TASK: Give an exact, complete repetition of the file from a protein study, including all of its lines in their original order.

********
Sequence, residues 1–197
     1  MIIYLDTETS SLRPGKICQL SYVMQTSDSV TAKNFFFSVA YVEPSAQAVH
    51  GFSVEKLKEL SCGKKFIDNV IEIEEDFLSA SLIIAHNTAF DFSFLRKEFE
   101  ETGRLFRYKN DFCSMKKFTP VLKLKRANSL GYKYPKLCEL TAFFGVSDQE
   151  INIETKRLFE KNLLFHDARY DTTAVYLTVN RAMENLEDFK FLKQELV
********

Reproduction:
Sequence, residues 1–197
     1  MIIYLDTETS SLRPGKICQL SYVMQTSDSV TAKNFFFSVA YVEPSAQAVH
    51  GFSVEKLKEL SCGKKFIDNV IEIEEDFLSA SLIIAHNTAF DFSFLRKEFE
   101  ETGRLFRYKN DFCSMKKFTP VLKLKRANSL GYKYPKLCEL TAFFGVSDQE
   151  INIETKRLFE KNLLFHDARY DTTAVYLTVN RAMENLEDFK FLKQELV